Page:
2.1 --- a/doc-src/TutorialI/Advanced/simp.thy	Thu Jan 25 11:59:52 2001 +0100
     2.2 +++ b/doc-src/TutorialI/Advanced/simp.thy	Thu Jan 25 15:31:31 2001 +0100
     2.3 @@ -79,8 +79,8 @@
     2.4  once they apply, they can be used forever. The simplifier is aware of this
     2.5  danger and treats permutative rules by means of a special strategy, called
     2.6  \bfindex{ordered rewriting}: a permutative rewrite
     2.7 -rule is only applied if the term becomes ``smaller'' (with respect to a fixed
     2.8 -lexicographic ordering on terms). For example, commutativity rewrites
     2.9 +rule is only applied if the term becomes smaller with respect to a fixed
    2.10 +lexicographic ordering on terms. For example, commutativity rewrites
    2.11  @{term"b+a"} to @{term"a+b"}, but then stops because @{term"a+b"} is strictly
    2.12  smaller than @{term"b+a"}.  Permutative rewrite rules can be turned into
    2.13  simplification rules in the usual manner via the @{text simp} attribute; the
    2.14 @@ -131,7 +131,7 @@
    2.15  form (this will always be the case unless you have done something
    2.16  strange) where each occurrence of an unknown is of the form
    2.17  $\Var{f}~x@1~\dots~x@n$, where the $x@i$ are distinct bound
    2.18 -variables. Thus all ``standard'' rewrite rules, where all unknowns are
    2.19 +variables. Thus all ordinary rewrite rules, where all unknowns are
    2.20  of base type, for example @{thm add_assoc}, are OK: if an unknown is
    2.21  of base type, it cannot have any arguments. Additionally, the rule
    2.22  @{text"(\<forall>x. ?P x \<and> ?Q x) = ((\<forall>x. ?P x) \<and> (\<forall>x. ?Q x))"} is also OK, in
     3.1 --- a/doc-src/TutorialI/Ifexpr/Ifexpr.thy	Thu Jan 25 11:59:52 2001 +0100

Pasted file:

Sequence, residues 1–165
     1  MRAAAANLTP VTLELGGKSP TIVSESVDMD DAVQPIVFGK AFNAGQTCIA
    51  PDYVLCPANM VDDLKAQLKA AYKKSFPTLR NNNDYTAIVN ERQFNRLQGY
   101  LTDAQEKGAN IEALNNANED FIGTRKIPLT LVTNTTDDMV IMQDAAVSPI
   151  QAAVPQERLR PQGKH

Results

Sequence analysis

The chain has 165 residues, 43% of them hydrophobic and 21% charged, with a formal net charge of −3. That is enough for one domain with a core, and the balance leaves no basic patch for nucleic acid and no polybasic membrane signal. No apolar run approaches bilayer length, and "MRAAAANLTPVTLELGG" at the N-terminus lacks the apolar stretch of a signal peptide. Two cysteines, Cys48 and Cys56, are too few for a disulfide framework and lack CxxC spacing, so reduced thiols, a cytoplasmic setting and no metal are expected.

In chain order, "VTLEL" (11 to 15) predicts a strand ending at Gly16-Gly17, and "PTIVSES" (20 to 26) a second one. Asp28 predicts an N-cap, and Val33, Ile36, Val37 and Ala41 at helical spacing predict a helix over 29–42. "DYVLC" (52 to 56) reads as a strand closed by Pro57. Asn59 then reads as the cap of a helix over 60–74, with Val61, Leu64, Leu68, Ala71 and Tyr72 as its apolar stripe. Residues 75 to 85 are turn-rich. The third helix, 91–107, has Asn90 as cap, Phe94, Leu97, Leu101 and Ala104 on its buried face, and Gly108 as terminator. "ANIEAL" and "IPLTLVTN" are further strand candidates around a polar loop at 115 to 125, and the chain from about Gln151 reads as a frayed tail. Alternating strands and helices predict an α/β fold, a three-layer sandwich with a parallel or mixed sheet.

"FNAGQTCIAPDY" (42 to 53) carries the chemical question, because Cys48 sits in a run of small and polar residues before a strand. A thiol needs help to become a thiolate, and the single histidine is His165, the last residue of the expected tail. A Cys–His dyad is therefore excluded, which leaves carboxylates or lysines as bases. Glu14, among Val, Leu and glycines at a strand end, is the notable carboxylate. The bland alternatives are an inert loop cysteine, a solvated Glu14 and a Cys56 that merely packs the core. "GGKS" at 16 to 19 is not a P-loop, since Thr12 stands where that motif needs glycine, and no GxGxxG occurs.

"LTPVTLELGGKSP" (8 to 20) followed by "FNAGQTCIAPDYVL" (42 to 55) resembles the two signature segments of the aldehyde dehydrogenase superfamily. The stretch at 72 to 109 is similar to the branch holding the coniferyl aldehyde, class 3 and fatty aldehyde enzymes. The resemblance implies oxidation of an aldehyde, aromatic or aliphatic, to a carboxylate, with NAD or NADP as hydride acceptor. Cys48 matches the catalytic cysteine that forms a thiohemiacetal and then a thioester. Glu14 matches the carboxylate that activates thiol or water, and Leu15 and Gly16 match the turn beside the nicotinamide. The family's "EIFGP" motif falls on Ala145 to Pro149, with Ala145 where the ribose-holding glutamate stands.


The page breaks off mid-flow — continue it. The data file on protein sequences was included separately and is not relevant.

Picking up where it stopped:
3.2 +++ b/doc-src/TutorialI/Ifexpr/Ifexpr.thy	Thu Jan 25 15:31:31 2001 +0100
     3.3 @@ -10,7 +10,7 @@
     3.4  the constructs introduced above.
     3.5  *}
     3.6  
     3.7 -subsubsection{*How Can We Model Boolean Expressions?*}
     3.8 +subsubsection{*Modelling Boolean Expressions*}
     3.9  
    3.10  text{*
    3.11  We want to represent boolean expressions built up from variables and
    3.12 @@ -28,7 +28,7 @@
    3.13  For example, the formula $P@0 \land \neg P@1$ is represented by the term
    3.14  @{term"And (Var 0) (Neg(Var 1))"}.
    3.15  
    3.16 -\subsubsection{What is the Value of a Boolean Expression?}
    3.17 +\subsubsection{The Value of a Boolean Expression}
    3.18  
    3.19  The value of a boolean expression depends on the value of its variables.
    3.20  Hence the function @{text"value"} takes an additional parameter, an
    3.21 @@ -66,9 +66,8 @@
    3.22                                          else valif e env)";
    3.23  
    3.24  text{*
    3.25 -\subsubsection{Transformation Into and of If-Expressions}
    3.26 +\subsubsection{Converting Boolean and If-Expressions}
    3.27  
    3.28 -\REMARK{is this the title you wanted?}
    3.29  The type @{typ"boolex"} is close to the customary representation of logical
    3.30  formulae, whereas @{typ"ifex"} is designed for efficiency. It is easy to